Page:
For some 20 or more years after these studies, mortality was effectively ignored as an endpoint and HBA1C became a proxy for outcomes. If a drug lowered HBA1C it was regarded as effective.
This produced a whole series of drug classes – some have since been shown to be harmful such as Rosiglitazone and have disappeared.
In recent years new classes such as the Glutides are showing cardiovascular and mortality benefit and these endpoints are again receiving more attention.
Is Obesity the real issue?
The developed world is getting fatter.
In the last generation average weight has increased by some 7kg which is a dramatic increase.
There has also been a dramatic increase in the incidence of Type 2 Diabetes which is strongly associated with Obesity. It now affects 3-5% of the population with a further probable 3% undiagnosed
Obesity shortens lifespan by up to 7 years. But significant weight loss in the obese can return lifespan to near normal. Moreover, a 15kg weight loss completely reverses Diabetes in those who achieve it (DIRECT study)
Yet weight loss and obesity have achieved little attention in the treatment of Diabetes – the focus has been on medication and HBA1C. The standard view is that once established, Diabetes is irreversible and relentless – the best that can be done is to prevent complications by keeping HBA1C low. Again standard recommendations for treatment appear to be at odds with evidence. Only those drugs that help with weight loss (Metformin, Glutides) are now being shown to improve Cardiovascular Mortality and death rates
What about Insulin?
Insulin is still widely recommended as a treatment to lower HBA1C in T2DM when other measures fail.
It promotes the movement of Glucose from the blood into fat cells and its storage as fat. As such it is an anabolic hormone and promotes weight gain while lowering blood Glucose and HBA1C.
But does it make any difference to outcomes?
The original UGDP study recruited patients for treatment with Insulin. The insulin arms were of the study were continued after the oral hypoglycaemics were stopped – there was no improvement in CV outcomes or all cause deaths
A Google search with the question “Does Insulin improve outcomes in Type 2 Diabetes?” yielded a number of results – the top 3 are quoted below
“Mortality and Other Important Diabetes-Related Outcomes With Insulin vs Other Antihyperglycemic Therapies in Type 2 Diabetes”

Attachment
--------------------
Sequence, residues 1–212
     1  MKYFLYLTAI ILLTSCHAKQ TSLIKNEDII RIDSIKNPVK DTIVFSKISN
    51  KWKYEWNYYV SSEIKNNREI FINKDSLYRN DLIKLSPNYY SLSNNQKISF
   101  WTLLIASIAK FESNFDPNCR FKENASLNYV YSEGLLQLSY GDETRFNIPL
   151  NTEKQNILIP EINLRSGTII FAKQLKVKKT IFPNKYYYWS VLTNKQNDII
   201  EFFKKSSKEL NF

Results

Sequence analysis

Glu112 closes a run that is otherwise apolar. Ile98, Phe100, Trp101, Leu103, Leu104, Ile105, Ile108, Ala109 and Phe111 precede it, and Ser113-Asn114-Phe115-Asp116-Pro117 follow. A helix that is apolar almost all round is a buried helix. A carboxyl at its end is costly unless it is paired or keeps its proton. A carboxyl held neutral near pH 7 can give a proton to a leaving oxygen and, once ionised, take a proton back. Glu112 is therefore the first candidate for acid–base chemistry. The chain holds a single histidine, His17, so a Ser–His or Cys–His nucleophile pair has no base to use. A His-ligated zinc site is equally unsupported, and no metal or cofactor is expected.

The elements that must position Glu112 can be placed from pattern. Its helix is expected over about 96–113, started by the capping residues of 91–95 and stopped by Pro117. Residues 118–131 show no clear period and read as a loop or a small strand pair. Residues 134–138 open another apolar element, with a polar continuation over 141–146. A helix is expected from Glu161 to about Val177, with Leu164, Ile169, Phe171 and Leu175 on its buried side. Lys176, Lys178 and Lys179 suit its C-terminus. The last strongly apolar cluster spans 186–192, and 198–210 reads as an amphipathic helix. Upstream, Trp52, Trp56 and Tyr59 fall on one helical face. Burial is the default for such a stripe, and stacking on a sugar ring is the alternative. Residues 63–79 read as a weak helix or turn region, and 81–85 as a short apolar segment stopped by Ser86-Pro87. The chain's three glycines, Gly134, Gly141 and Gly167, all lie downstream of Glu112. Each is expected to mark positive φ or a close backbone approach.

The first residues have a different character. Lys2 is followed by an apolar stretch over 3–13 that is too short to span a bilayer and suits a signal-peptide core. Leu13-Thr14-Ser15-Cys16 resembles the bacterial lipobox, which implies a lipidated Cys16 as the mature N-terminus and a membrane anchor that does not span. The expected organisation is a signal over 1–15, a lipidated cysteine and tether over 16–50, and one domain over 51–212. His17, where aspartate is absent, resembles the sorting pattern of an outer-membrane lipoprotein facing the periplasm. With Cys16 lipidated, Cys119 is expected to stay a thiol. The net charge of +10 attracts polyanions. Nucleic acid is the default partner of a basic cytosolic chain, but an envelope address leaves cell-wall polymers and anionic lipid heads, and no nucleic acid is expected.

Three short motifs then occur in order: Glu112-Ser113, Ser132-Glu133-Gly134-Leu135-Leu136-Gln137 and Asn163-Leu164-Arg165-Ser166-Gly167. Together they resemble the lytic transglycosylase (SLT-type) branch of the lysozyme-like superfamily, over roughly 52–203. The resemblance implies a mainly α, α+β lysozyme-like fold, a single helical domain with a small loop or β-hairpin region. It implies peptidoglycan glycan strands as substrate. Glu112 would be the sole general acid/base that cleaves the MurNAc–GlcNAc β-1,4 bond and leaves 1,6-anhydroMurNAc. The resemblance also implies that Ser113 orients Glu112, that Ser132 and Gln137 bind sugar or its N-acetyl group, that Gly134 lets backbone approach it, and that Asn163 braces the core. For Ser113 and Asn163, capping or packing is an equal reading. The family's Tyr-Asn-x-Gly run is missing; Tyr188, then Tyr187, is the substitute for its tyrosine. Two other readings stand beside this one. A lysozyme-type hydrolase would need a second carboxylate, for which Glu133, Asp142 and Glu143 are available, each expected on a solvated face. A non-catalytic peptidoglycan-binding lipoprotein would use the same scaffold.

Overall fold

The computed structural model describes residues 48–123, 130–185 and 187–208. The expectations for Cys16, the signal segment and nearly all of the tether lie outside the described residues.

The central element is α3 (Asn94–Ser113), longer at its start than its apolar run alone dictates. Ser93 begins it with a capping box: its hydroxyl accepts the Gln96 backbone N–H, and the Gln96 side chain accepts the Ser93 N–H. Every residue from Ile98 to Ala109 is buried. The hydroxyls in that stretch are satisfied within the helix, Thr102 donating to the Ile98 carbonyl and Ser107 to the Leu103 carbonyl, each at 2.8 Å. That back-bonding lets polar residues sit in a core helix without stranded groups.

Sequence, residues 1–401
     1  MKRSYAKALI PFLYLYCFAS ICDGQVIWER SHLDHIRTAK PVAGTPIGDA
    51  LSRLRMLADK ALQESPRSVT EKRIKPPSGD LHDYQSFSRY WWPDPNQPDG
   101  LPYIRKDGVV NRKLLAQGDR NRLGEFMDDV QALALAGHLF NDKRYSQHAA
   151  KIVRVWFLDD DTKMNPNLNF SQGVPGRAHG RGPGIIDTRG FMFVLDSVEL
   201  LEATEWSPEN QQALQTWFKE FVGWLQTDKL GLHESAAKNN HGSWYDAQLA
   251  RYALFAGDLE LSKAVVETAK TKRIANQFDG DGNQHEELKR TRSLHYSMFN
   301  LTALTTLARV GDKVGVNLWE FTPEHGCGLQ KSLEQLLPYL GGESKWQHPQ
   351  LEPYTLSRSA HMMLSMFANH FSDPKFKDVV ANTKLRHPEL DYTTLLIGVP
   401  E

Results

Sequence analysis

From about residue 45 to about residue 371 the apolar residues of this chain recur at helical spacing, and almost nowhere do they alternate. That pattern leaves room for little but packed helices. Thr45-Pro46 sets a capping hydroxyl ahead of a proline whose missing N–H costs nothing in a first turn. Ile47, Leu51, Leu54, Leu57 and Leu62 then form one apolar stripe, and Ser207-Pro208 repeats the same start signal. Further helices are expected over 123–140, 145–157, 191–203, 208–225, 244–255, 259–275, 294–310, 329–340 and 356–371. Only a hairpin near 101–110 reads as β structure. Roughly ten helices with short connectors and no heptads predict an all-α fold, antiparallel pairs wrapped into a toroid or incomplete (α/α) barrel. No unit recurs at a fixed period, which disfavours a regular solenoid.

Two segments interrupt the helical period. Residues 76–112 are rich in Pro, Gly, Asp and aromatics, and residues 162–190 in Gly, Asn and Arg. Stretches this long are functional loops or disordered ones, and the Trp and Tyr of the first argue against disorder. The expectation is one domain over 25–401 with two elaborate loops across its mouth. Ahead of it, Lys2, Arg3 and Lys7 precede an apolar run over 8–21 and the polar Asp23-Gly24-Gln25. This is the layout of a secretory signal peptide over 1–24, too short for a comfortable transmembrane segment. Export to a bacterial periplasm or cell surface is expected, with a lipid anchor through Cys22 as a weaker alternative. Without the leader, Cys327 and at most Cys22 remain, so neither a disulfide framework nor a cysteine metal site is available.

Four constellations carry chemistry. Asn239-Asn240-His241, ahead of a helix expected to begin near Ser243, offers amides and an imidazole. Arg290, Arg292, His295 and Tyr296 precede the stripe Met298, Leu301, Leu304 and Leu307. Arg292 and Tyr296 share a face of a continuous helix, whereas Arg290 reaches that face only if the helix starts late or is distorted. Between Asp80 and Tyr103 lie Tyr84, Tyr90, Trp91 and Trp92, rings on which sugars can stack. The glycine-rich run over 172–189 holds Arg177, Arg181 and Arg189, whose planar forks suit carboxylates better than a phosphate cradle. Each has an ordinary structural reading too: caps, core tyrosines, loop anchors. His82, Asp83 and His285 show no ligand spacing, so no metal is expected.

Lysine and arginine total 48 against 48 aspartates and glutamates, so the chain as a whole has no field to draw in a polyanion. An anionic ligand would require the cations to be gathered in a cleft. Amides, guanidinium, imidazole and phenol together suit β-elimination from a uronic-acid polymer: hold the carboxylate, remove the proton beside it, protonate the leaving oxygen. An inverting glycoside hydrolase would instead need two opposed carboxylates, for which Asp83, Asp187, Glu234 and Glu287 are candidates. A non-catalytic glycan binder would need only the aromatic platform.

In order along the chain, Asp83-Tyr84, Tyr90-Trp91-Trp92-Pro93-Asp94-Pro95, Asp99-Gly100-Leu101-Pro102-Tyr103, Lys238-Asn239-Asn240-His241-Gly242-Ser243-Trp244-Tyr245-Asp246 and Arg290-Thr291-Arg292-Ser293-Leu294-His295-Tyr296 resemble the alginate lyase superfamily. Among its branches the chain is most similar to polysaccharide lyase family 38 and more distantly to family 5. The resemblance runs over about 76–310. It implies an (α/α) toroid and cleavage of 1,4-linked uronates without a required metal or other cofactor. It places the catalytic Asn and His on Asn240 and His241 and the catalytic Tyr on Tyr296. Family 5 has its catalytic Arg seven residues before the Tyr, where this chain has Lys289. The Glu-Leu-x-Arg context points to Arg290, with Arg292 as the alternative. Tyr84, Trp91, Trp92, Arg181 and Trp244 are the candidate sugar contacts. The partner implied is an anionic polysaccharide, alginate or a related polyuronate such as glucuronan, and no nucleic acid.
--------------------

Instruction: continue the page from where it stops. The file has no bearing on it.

Craig J. Currie,corresponding author Chris D. Poole, Marc Evans, John R. Peters, and Christopher Ll. Morgan
J Clin Endocrinol Metab. 2013 Feb; 98(2): 668–677.
The authors conclude that:
“In people with T2DM, exogenous insulin therapy was associated with an increased risk of diabetes-related complications, cancer, and all-cause mortality.”
“Insulin: Potential Negative Consequences of Early Routine Use in Patients With Type 2 Diabetes”
Harold E. Lebovitz, MD, FACE⇓
↵Corresponding author: Harold E. Lebovitz, firstname.lastname@example.org.
Diabetes Care 2011 May; 34(Supplement 2): S225-S230.
“Starting insulin therapy early in the course of chronic treatment of patients with type 2 diabetes would imply that there are unique benefits to insulin treatment. As addressed above, there is little evidence to support such a view. Insulin treatment is neither durable in maintaining glycemic control nor is unique in preserving β-cells. Better clinical outcomes than those that occur with other antihyperglycemic regimens have not been shown. The downside of insulin therapy is the need to increase the dose and the regimen complexity with time, the increase in severe hypoglycemia, and the potential increase in mortality as well as the potential increased risk for specific cancers.”
“Insulin Therapy in People With Type 2 Diabetes: Opportunities and Challenges?”
Philip Home1, Matthew Riddle2, William T. Cefalu3⇑, Clifford J. Bailey4, Reinhard G. Bretzel5, Stefano del Prato6, Derek Leroith7,8, Guntram Schernthaner9, Luc van Gaal10 and Itamar Raz11
Corresponding author: William T. Cefalu, email@example.com.
Diabetes Care 2014 Jun; 37(6): 1499-1508.
This article is less negative than the other two with regard to insulin but identifies subgroups where it is not beneficial
So it appears that research and guidelines/recommendations are in conflict in many cases.
Why is this so?
I would argue that vested interests are corrupting our medical evidence base and have been doing so for many years. Much of the evidence we rely on for our day to day clinical practice is tainted.
We have ignored therapeutic approaches which would improve outcomes (ie weight loss) in favour of medication regimes which target a proxy measure (HBA1C). Moreover treatment which at best has no benefit (Insulin) is still widely recommended.
We need to acknowledge this explicitly and start to consider ways of reversing this trend.
Summary of the DCCT/EDIC study
Meinert CL, et al. A study of the effects of hypoglycemic agents on vascular complications in patients with adult-onset diabetes. II. Mortality results. Diabetes. 1970;19(suppl):789-830.
UK Prospective Diabetes Study Group. Intensive blood-glucose control with sulphonylureas or insulin compared with conventional treatment and risk of complications in patients with type 2 diabetes. Lancet. 1998;352:837-853.
Patel A, et al. Intensive blood glucose control and vascular outcomes in patients with type 2 diabetes. N Engl J Med. 2008;358(24): 2560— 2572.
Gerstein HC, et al. Effects of intensive glucose lowering in type 2 diabetes. N Engl J Med. 2008. 358(24):2545-2559.
The DiRECT Trial